Musings from a 27 -Year-Old on Pentecost

Today is Pentecost. It also happens to be my birthday. Two very important events (at least in my world).

Last night, when I went to bed, I was thinking about how I thought life would be at 27. I’ve always loved having a plan. When I was 16, I knew that by 22 I’d be married and by 32 I’d have had 4 babies, I was going to live in New York City and be a doctor (or at very least, marry one). That was my plan. If i had told my 16-year-old self that at 27 I would not be married, nor would I have any children; that instead of NYC, I’d be moving back to NH from Illinois, about to receive an MA in Theology from the University of Notre Dame; I’d have thought something had gone terribly wrong.

This morning, as I sat in Church reflecting on Pentecost, I wondered what the Apostles’ plans had been 11 years prior to Pentecost; what they would have thought if someone had told them at that time that instead of a tax collector or fisher, they would be the first followers of the Son of God. Surely, it would have been nothing they could have ever predicted, or dreamed of, or planned for. And yet … it would be better.

On Pentecost, the Holy Spirit, the Advocate, descends upon the Apostles and emboldens them, allowing them to go into the world and proclaim the Word of God. It is this same Spirit that we receive for the first time at Baptism and that which we are sealed with at Confirmation.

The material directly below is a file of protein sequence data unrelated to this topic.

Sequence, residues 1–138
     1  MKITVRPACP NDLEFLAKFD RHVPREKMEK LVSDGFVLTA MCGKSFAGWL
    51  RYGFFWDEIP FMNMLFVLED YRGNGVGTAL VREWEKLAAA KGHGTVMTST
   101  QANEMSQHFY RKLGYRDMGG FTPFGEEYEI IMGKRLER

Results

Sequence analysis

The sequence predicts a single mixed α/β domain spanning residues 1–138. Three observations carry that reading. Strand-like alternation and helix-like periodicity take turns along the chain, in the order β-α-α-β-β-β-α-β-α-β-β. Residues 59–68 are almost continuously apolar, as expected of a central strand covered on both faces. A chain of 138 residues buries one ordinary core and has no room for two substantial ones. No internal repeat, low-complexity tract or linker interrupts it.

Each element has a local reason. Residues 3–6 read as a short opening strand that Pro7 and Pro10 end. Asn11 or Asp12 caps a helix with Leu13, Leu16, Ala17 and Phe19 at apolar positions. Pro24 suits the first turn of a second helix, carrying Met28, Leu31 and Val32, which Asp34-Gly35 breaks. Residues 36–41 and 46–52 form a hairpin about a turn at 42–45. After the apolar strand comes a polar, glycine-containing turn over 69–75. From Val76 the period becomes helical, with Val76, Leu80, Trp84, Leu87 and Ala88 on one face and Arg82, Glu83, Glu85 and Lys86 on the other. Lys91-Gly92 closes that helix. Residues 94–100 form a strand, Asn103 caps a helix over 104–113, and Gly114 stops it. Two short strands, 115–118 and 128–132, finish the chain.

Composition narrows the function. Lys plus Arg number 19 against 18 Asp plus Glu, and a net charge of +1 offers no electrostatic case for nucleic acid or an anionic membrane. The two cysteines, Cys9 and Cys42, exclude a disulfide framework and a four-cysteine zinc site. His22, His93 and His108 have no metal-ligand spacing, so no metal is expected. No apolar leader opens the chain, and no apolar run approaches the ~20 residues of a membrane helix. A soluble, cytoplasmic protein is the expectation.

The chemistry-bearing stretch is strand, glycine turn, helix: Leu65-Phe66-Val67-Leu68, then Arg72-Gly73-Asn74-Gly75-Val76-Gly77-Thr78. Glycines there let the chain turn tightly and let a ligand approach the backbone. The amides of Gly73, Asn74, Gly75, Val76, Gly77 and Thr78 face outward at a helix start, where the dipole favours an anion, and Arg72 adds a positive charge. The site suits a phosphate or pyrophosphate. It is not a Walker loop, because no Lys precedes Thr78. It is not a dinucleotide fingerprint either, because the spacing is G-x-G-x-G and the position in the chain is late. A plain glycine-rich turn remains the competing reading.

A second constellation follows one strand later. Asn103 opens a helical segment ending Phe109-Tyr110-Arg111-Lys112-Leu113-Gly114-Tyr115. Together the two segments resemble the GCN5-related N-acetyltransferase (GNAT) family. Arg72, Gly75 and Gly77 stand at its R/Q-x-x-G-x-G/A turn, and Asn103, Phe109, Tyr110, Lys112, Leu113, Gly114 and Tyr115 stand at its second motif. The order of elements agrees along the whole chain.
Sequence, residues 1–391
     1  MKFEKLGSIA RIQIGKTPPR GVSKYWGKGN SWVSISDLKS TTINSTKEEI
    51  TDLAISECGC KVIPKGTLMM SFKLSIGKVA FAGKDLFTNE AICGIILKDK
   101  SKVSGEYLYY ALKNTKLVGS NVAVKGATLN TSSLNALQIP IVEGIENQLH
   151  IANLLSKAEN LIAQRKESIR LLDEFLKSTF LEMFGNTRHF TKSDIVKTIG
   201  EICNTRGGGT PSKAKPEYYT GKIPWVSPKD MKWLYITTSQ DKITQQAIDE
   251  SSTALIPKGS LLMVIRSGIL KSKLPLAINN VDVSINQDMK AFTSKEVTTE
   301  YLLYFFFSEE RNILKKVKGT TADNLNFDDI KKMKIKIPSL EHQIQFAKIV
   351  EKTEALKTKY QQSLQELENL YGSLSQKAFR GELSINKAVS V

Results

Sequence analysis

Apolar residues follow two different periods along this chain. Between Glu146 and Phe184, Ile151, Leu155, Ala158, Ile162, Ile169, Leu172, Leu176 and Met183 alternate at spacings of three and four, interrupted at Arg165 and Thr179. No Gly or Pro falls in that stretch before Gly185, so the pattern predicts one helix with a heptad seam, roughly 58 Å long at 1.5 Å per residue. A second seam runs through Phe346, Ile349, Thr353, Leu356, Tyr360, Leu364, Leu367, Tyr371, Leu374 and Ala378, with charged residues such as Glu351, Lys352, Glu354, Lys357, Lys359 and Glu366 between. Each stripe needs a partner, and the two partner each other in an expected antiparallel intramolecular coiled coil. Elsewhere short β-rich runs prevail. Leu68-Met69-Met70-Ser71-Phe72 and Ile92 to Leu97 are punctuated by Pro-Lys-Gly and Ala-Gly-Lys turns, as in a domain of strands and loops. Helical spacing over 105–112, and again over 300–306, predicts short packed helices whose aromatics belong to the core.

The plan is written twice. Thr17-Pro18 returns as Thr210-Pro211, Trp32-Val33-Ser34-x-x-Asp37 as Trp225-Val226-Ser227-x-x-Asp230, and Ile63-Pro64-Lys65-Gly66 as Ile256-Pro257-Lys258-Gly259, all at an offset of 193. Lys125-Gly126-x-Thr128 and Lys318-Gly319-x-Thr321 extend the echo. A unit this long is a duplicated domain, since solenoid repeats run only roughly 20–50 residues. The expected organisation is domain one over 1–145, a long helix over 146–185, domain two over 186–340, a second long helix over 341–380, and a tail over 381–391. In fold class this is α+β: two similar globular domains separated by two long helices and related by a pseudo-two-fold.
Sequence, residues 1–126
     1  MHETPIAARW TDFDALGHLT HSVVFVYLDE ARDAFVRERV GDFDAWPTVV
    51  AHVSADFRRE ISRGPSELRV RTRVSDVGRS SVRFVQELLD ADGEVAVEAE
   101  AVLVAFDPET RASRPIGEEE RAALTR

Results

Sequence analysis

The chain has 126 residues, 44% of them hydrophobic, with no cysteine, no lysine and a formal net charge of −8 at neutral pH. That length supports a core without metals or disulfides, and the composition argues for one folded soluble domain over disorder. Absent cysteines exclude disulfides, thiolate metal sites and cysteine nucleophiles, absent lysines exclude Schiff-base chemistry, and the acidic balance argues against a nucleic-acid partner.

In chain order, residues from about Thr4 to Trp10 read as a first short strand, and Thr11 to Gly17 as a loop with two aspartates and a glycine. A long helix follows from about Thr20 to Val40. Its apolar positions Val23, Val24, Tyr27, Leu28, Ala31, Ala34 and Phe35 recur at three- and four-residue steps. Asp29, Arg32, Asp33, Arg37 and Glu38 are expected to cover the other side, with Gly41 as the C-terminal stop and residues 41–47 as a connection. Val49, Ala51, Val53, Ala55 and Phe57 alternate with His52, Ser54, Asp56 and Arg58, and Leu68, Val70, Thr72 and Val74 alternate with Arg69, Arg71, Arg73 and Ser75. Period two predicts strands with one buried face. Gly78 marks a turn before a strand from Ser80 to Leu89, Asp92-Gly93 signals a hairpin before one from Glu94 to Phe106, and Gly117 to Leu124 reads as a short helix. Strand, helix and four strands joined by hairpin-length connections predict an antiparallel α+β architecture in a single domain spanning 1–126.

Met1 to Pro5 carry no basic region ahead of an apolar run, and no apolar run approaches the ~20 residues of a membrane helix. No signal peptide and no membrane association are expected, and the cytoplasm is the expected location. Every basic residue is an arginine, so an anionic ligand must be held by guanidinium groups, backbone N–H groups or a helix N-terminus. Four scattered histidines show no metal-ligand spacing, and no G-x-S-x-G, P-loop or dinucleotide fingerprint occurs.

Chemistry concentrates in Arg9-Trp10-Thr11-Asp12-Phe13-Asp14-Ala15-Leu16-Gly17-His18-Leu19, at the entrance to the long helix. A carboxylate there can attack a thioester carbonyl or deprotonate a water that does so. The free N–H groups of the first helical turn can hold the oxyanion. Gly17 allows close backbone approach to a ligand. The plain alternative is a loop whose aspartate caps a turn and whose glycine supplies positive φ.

Jesus says the Holy Spirit will “teach you everything and remind you of all that I told you” (Jn 14: 26). And how are we to respond? Just as Mary’s fiat gave the Holy Spirit permission to hallow within her a temple to let the Logos dwell; we too must give the Holy Spirit our fiat, so that we might allow him to dwell within us. Through this act of surrender, we will be conformed to the image of Christ, the very image in which we have been created.

Moreover, when we turn our lives over to the movements of the Holy Spirit, God takes our blemished (often mediocre) plans, and gives us a new hope and future, full of dreams we never dared to dream.

As I knelt during the Liturgy of the Eucharist, I caught my dad’s eye, “this is when you were born,” he mouthed, pointing to his watch. And I smiled. To exist at a time such as this, to be recalling the life which God knit in my mother’s womb and allowed to be brought into this world, at the exact moment the priest proclaimed, “Behold the Lamb of God.” Blessed am I that I should behold Him who takes away the sins of the world. I thanked God for all the prayers He’s answered (in ways seen and unseen, in ways hoped for and in ways unexpected), for the family He’s blessed me with, for the new dreams he’s given me.

27 is not what I expected, not what I planned for. And yet . . . it is better.

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